EW: First, the people. That’s what a lot of cadets always say; the relationships you build here. There are difficulties here, rigorous training and academics. Having that level of shared struggle and camaraderie with other cadets—these are my lifelong friends. And second, the development. It’s something more than academics. With the military, the discipline and leadership experiences I’ve had, I think I’ve developed into the best version of myself. I found myself in that way and am more confident and developed into the leader that I am now.

TM: What is your rank at West Point?

EW: I’m a cadet. That’s the step before commissioning as a second lieutenant in the Army. We have different leadership positions within the academy. This year, as a senior, I’m a cadet regimental commander, or a cadet captain. I’m responsible for 1,100 other cadets and the decision-making and the operational things that go along with our regiment. There’s four regiments within the core of cadets, and I’m the commander of one of them.

TM: These are impressive leadership positions. Have you always seen yourself as a leader?

EW: Not in the formal sense. I think everyone can be an informal leader, and that was me when I was younger. A structure of West Point is that when you start, your only responsibility is yourself. Just making sure you’re doing what you’re supposed to do. And then each year you have more opportunities to grow and lead other people. So, I wouldn’t say I was always a leader and had this leadership philosophy and mindset. That comes over the years with experience, and lessons learned, and failures, and things that worked observing other people and how they lead—taking notes on that—and finding mentors. 

TM: As a Black woman in a position of leadership in the United States Military Academy, do you see yourself as having a special responsibility? 

EW: Definitely paving the way for others. It’s about encouraging other Black women at the academy, or minorities, and empowering them so they can do what I’ve done too. I think you’re more likely to put yourself out there when you see people who look like you. When I was a freshman, I remember the first female Black first captain [to lead the student body], Simone Askew. I saw her and I was like, ‘Woah, that’s so cool. Yeah, she might be the first after 217 years, but now I know that’s actually possible.’ It showed that it was okay [for me] to be a leader at the academy. And I hope with the different leadership positions I’ve held here and leaving with the Rhodes Scholarship, I can empower minorities and women so that they can be in these spaces too and do well.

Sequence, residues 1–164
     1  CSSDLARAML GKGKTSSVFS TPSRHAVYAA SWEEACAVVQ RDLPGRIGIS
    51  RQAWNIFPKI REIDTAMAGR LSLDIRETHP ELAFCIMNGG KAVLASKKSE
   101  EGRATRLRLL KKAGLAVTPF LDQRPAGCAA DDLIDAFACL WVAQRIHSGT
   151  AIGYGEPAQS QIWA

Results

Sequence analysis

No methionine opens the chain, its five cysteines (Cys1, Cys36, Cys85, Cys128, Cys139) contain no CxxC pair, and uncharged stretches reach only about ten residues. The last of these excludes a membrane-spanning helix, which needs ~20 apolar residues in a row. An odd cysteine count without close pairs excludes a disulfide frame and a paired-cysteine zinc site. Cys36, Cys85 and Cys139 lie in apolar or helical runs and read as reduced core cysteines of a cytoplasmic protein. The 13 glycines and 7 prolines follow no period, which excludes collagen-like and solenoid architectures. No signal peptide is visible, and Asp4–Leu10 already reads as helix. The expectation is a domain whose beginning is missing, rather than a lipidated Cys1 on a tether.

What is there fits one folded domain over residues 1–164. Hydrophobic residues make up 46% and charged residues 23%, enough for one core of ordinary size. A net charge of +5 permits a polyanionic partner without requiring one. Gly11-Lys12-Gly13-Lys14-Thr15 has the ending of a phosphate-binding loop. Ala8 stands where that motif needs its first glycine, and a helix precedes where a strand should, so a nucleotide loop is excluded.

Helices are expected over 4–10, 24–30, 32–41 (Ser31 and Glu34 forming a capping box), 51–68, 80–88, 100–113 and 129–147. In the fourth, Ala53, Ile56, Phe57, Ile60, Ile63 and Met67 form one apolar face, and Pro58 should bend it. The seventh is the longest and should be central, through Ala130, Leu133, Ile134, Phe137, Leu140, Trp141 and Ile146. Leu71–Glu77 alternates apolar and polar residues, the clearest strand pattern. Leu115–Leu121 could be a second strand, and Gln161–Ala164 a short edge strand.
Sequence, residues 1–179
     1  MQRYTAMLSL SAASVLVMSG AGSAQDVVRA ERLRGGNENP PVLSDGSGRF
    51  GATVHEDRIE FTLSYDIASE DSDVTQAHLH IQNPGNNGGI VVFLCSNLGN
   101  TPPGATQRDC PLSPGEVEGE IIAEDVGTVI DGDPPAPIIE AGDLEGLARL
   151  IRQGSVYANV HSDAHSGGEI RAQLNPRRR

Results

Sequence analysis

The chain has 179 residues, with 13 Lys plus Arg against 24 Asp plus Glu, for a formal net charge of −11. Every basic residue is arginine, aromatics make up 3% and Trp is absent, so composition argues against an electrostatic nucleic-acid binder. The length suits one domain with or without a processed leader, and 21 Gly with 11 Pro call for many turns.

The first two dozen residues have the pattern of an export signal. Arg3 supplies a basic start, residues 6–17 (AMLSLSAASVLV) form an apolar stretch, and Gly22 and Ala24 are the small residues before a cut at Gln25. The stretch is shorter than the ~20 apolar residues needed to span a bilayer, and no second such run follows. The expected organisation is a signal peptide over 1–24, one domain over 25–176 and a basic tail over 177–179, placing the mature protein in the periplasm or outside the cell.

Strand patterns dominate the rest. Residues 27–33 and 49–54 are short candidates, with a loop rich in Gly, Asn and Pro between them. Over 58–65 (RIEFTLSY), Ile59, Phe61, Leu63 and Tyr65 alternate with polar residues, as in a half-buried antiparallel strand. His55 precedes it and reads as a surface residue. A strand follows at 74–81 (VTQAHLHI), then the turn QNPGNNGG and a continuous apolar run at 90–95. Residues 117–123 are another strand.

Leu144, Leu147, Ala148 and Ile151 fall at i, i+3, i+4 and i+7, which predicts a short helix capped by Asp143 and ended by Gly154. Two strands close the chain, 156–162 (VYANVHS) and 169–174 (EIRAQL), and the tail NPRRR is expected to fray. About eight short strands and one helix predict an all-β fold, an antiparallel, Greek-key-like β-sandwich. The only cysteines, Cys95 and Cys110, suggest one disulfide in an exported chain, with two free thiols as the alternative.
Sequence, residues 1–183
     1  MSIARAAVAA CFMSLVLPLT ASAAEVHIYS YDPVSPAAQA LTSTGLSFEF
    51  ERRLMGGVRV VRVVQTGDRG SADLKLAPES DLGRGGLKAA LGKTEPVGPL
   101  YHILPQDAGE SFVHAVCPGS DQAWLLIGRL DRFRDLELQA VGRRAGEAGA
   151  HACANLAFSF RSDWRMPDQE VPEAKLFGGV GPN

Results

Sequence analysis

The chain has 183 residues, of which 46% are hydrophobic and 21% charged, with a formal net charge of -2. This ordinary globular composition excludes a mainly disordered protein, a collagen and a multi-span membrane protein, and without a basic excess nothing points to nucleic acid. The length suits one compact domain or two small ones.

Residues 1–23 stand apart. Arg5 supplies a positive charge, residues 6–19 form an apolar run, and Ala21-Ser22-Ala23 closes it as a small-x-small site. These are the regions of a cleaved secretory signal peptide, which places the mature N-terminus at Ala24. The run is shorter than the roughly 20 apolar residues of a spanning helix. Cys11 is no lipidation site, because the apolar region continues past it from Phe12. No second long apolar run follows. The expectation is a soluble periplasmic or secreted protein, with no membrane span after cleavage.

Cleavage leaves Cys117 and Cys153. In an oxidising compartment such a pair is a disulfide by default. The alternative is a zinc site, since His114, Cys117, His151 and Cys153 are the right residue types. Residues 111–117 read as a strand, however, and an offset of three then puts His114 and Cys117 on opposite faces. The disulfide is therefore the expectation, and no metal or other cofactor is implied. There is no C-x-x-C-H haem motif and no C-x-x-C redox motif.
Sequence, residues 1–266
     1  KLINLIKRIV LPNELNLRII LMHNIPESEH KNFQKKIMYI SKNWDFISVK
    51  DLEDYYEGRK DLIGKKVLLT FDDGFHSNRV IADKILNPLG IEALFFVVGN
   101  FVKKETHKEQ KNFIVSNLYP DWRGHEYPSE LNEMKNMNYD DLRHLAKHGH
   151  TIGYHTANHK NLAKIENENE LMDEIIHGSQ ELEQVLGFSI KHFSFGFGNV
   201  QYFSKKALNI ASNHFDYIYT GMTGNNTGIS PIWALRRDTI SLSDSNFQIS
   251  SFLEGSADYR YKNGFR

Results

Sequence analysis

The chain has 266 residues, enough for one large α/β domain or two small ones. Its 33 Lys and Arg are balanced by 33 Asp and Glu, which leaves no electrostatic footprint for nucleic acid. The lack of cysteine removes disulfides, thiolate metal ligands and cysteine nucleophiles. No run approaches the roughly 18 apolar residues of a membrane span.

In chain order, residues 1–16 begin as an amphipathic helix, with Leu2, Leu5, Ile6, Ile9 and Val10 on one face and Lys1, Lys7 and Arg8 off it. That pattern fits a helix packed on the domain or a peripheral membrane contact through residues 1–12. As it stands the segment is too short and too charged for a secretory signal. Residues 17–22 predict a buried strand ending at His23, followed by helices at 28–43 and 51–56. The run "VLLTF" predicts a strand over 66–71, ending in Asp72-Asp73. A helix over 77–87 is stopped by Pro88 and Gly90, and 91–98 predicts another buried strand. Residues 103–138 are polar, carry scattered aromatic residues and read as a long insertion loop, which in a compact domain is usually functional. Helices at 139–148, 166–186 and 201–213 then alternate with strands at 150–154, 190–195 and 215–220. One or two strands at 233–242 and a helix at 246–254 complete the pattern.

TM: What was it like to learn you’d won the Rhodes Scholarship?

EW: I was lost for words. I was so surprised. Usually I would have gone to Texas [for interviews], but because of COVID, we did everything via Zoom. The committee called us into the virtual room and they said, ‘Y’all aren’t going to remember anything we say, so we’ll just go ahead and do it real quick.’ I literally just stopped. There’s no way. This is not happening. And all the finalists congratulated us then logged off. And just Kendall [Jefferys] and I were left with the committee. The whole time, I’m like, surely they’re going to tell me to log off, that I didn’t win. It was so unreal, even now, talking to former scholars and hearing their experiences and the tips they have for me throughout this process, it’s amazing. It’s crazy.

TM: What’s next for you?

EW: Short term, I’ll go to the University of Oxford for two years and complete a master’s. Then I’ll come back to the U.S. and do my officer basic course. As of right now, I just see myself going back and being a military intelligence officer for however long I love it. Given this opportunity to go to graduate school right out of West Point, whenever I’m done with my time in the Army, I’ll have something to support me on wherever life takes me next. I would like to eventually work for the Equal Employment Opportunity Commission. I want to make sure that things are more equitable in the workplace. 

This interview has been edited for clarity and length.